This study looks at Guar and Xanthan and Ispaghula(??) Gum… it is interesting that these “gums” were found to LOWER pH (aka making the environment more acidic!)
The relation between bacterial degradation of viscous polysaccharides and stool output in human beings.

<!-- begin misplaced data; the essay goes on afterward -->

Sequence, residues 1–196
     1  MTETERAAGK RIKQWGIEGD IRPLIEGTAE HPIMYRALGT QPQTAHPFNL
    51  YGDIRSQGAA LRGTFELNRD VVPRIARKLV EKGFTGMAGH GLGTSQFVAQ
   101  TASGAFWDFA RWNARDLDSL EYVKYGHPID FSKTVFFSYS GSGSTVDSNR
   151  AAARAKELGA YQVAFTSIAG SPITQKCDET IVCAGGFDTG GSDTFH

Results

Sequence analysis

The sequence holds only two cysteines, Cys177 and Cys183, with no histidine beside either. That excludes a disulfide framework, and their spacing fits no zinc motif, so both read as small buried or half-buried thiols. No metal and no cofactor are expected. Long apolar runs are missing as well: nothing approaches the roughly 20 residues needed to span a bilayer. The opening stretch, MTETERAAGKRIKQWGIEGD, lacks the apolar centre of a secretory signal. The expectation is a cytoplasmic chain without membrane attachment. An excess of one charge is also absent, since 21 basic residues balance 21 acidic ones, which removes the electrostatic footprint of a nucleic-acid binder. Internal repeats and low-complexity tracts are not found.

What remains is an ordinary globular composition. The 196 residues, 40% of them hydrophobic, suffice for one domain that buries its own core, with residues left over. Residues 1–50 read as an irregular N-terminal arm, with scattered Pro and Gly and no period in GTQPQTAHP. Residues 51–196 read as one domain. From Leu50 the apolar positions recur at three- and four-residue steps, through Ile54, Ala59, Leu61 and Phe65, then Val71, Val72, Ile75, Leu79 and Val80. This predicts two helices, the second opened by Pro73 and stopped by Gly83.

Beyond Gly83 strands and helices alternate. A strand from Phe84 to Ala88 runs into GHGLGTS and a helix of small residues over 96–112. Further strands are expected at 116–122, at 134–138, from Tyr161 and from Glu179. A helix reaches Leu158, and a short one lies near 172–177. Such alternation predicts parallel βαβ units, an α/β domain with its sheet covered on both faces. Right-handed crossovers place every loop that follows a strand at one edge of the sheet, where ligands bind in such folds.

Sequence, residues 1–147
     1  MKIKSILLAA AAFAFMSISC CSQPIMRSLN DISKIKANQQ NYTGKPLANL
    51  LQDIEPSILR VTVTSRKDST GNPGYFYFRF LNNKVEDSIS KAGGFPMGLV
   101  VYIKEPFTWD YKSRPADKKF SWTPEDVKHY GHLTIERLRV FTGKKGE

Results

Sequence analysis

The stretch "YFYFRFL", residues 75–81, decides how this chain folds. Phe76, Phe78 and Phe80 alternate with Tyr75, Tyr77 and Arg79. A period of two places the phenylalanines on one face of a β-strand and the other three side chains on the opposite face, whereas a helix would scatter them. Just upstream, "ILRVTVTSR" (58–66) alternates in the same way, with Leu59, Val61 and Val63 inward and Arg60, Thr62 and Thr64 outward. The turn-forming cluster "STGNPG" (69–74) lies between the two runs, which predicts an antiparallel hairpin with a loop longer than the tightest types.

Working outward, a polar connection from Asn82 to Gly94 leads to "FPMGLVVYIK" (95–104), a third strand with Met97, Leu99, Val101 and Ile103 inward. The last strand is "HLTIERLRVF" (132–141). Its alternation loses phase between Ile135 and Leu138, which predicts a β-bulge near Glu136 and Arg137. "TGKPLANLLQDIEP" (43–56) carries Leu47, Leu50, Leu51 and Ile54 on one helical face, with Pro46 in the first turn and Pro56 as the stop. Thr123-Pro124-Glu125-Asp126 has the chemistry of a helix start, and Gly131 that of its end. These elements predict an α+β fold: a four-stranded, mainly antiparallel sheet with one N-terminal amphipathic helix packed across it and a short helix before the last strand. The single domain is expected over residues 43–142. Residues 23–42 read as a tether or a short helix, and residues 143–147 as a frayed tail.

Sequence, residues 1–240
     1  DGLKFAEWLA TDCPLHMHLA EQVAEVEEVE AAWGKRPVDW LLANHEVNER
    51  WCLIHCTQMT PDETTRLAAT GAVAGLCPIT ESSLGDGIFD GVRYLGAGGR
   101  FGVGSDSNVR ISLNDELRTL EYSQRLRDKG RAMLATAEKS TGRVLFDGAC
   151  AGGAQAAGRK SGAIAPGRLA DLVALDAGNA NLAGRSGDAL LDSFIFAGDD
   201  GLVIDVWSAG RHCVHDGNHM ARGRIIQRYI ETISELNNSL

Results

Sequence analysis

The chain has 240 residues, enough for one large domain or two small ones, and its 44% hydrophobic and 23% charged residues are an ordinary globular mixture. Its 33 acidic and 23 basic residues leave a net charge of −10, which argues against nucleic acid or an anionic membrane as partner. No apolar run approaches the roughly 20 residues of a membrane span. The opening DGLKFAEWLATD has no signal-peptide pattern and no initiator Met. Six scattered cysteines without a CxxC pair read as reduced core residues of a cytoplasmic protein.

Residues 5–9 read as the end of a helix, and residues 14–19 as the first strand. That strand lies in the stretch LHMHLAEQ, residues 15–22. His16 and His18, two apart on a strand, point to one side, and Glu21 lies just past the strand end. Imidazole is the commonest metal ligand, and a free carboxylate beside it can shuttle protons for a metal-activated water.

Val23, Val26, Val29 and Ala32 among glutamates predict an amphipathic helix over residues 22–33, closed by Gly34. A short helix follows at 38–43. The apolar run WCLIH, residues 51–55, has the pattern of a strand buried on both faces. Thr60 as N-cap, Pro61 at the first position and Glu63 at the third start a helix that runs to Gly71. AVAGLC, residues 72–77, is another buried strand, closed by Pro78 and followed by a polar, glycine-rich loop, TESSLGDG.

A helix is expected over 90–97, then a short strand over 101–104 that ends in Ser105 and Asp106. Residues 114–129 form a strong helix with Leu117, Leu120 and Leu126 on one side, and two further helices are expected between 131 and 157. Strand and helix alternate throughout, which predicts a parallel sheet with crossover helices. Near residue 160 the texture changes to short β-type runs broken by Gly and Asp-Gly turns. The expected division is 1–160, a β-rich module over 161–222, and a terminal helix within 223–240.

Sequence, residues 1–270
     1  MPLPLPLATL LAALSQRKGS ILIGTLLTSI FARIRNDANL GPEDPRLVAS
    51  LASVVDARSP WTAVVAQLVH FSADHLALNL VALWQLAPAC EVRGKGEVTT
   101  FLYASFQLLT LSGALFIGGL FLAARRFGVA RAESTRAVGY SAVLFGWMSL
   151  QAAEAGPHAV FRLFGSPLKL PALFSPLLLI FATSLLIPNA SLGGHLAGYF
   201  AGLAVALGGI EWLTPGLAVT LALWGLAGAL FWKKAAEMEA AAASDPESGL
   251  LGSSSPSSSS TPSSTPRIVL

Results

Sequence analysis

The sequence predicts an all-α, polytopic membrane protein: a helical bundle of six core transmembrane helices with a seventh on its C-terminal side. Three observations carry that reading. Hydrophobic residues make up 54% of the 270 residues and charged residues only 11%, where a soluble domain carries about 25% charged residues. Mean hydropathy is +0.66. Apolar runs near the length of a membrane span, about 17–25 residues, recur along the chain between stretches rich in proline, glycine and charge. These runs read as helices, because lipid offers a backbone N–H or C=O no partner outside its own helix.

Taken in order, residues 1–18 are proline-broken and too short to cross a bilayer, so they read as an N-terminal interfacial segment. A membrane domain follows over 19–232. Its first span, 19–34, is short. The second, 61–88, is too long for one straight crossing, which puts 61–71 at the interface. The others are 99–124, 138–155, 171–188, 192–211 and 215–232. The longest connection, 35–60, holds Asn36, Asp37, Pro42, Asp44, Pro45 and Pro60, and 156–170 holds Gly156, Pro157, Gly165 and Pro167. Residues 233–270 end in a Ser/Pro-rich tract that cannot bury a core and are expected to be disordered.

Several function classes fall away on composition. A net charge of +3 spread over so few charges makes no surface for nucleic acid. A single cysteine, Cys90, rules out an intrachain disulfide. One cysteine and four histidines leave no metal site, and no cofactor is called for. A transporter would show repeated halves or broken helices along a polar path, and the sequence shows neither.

1. The relation between bacterial degradation of three viscous polysaccharides (guar gum, ispaghula and xanthan gum) by colonic bacteria in vitro and their effects on colonic function were investigated by comparing the results of anaerobic in vitro incubations with fresh faeces from seven healthy volunteers (measuring viscosity, pH and gas production) with the effects of feeding all three polysaccharides to the same volunteers for 1 week each (14-15 g/d) on faecal mass and whole-gut transit time. 2. Guar gum was rapidly fermented in vitro by faecal bacteria from all volunteers with concomitant loss of viscosity, reduction in pH and generation of gases. Ispaghula maintained its viscosity during incubation, but the pH fell significantly. The results of xanthan gum incubations showed considerable individual variation. 3. Only ispaghula significantly increased faecal mass, whilst none of the gums significantly affected stool frequency or transit time. Statistical analysis of the pooled results showed that although transit time and faecal output were inversely related, feeding viscous polysaccharides could influence these indices independently. Stool frequency was significantly correlated with the transit time, but not the faecal output. 4. Transit time was reduced by gum feeding to a significantly greater extent in those subjects whose faecal bacteria reduced or removed the viscosity of that gum, than in those subjects where the viscosity was maintained. In contrast, there was a smaller increase in faecal mass when the viscosity of the appropriate cultures was removed than when it was maintained or reduced. Increases in stool frequency were significantly associated with hydrogen production from in vitro cultures.